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No more North Sea oil and gas licences, says former BP boss

No more North Sea oil and gas licences, says former BP boss

 

John Browne said making such a move would help “reinforce our intention to get to net zero and show timely leadership”.

John Browne, the former head of BP, has seemingly backed a Labour Party pledge to end North Sea oil and gas exploration.

The industry heavyweight, who joined the energy giant as an apprentice in the 1960s, said that plans for the North Sea and the “energy transition” would be important issues at the next election.

The UK goes to the polls on 4 July, with Labour currently enjoying a comfortable lead over the incumbent Conservative party.

Browne, in comments published in the Financial Times on Friday, said the next government should “call a halt” to new North Sea oil and gas projects. Making such a move, he claimed, would help “reinforce our intention to get to net zero and show timely leadership”.

The UK Government is aiming to reduce all direct emissions from public sector buildings by 50% and 75% by 2032 and 2037, respectively, with all UK emissions reaching net zero by 2050.

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Labour said in an announcement last summer that it would end new North Sea oil and gas exploration, with more local investment in communities most affected. However, the party has pulled back from a previous pledge to invest £28bn ($35.54bn) a year in green industries.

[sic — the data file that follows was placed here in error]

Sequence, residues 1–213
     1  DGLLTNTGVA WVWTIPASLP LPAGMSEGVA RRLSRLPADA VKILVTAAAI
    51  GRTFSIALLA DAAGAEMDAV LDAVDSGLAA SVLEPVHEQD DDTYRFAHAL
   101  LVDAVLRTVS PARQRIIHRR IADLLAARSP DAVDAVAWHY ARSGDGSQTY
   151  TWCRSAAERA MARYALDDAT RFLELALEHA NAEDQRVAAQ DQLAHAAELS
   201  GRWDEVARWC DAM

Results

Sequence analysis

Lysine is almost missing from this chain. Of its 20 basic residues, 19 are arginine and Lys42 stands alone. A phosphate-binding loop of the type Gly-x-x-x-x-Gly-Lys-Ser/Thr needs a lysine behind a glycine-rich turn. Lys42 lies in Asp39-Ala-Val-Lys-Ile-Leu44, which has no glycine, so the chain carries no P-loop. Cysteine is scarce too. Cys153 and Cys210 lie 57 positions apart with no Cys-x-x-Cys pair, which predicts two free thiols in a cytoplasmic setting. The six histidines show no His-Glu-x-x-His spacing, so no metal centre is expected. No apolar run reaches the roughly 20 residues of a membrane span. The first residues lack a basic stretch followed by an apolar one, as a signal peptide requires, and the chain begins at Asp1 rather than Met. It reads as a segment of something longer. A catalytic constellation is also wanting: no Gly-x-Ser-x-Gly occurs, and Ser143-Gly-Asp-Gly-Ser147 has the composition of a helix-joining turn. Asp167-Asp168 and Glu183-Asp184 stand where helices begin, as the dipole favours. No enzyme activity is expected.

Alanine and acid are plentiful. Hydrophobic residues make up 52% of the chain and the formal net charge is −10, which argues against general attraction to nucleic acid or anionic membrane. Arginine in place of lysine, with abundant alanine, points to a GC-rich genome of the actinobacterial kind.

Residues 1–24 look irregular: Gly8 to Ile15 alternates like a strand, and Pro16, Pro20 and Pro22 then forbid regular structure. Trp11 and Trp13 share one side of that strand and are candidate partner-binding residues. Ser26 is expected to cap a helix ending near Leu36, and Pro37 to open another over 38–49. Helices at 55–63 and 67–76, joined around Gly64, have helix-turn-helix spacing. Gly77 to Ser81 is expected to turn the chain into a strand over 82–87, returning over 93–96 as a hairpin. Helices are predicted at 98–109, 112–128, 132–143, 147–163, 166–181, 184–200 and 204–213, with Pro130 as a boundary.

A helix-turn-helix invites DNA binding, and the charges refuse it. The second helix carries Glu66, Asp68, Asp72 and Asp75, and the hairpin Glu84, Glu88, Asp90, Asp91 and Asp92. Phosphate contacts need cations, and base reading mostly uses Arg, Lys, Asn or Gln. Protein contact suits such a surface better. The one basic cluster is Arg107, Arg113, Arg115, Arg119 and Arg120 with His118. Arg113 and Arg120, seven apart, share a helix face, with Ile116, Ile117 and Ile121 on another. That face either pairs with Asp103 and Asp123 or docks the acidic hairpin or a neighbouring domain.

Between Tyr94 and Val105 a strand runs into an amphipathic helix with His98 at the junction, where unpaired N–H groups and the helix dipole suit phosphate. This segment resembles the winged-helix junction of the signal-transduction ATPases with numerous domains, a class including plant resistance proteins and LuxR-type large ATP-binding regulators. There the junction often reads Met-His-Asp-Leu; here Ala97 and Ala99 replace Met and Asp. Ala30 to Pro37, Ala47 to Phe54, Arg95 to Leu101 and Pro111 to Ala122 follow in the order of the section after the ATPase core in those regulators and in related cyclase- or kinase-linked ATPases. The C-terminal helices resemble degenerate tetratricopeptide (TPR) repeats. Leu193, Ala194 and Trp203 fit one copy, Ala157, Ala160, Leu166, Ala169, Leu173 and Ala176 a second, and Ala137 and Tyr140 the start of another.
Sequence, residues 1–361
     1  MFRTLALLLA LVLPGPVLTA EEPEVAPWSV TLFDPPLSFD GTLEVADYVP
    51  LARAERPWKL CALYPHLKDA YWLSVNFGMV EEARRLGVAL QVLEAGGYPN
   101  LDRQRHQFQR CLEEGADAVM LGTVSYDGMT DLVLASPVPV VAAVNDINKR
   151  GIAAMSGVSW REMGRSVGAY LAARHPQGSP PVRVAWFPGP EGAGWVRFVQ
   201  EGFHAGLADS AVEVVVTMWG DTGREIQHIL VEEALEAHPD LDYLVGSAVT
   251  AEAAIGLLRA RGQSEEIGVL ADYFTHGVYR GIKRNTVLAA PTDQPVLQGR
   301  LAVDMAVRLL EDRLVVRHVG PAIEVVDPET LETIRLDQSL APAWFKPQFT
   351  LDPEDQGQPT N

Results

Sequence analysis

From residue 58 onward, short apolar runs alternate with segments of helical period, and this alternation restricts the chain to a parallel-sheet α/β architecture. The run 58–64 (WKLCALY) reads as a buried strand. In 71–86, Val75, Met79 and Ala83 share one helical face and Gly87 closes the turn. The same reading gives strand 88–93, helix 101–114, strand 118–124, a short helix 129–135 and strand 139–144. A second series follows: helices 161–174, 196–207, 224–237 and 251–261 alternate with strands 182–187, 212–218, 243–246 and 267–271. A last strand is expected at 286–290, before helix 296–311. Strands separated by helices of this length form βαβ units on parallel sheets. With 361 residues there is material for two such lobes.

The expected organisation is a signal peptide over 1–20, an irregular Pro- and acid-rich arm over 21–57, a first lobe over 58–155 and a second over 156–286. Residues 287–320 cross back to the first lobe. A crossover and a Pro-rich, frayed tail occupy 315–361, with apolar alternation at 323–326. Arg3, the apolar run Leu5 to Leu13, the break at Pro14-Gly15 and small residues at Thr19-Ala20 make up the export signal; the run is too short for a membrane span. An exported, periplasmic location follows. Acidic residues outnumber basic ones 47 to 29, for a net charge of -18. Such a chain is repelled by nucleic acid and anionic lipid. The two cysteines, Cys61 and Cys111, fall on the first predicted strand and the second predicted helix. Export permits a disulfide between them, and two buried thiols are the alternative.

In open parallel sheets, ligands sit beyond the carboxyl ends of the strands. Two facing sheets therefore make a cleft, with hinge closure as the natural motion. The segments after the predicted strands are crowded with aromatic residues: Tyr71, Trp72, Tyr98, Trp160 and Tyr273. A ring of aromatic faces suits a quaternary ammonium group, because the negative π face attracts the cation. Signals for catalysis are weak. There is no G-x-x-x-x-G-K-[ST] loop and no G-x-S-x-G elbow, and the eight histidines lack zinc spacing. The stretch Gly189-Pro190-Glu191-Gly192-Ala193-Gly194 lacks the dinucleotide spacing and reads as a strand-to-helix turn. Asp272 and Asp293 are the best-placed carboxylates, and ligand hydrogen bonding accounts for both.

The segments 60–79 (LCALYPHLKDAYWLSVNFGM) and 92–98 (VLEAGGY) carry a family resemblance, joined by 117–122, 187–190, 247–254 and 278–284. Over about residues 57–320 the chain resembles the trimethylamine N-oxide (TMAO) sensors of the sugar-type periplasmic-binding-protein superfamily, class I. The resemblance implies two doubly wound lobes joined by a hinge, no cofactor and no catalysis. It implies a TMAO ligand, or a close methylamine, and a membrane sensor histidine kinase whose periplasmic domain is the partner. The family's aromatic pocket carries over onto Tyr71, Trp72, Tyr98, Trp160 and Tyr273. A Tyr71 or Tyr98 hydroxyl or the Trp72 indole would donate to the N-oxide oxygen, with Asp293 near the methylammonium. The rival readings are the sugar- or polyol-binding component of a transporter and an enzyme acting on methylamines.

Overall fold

Last week, the party promised to create so-called offshore skills passports, which would allow workers to move more easily between the fossil fuels and renewables industries.

Shadow Scottish Secretary Ian Murray has now pledged to work with the Scottish Government to introduce the policy.

The Conservative party has openly backed continuing with annual licensing rounds to help use up and extract remaining North Sea oil and gas.

Browne admitted that Britain would need oil and gas for several years, so existing projects should continue.

However, he added that it is “hard to believe that finding and developing the very limited oil and gas resources that remain… will cost less than buying supplies from the world market if needed”.

Ed Miliband, the shadow climate secretary, said that Browne is adding his voice “to the chorus of energy experts… who make clear that new oil and gas licences are not the right choice for Britain”.

Labour is planning to increase the government’s existing windfall tax on North Sea oil and gas profits, which will help fund a publicly owned green energy company, GB Energy. It will help scale up new green technologies and community energy projects.

In fact, political uncertainty is already having an impact on North Sea exploration.

Jersey Oil & Gas (JOG) is now assessing its plans to drill and extract oil from the Buchan redevelopment project, reported to be the third-largest pre-development field on the UK Continental Shelf.

Andrew Benitz, CEO of JOG, said in a statement on Friday: “With a UK General Election now announced, we are hopeful that fiscal clarity will be forthcoming in short order so that the industry can continue to do what it does best, namely investing in major capital projects that deliver vital low carbon homegrown energy and highly skilled jobs.”

The Buchan licence was awarded to JOG in 2019. The Buchan oilfield lies in approximately 110m of water 150km north-east of Aberdeen.

There are currently 283 active oil and gas fields in the North Sea, according to the UK Government’s own figure, but by 2030, around 180 of those will have ceased production due to natural decline.

Read the latest issue of the OGV Energy magazine HERE

Published: 10-06-2024

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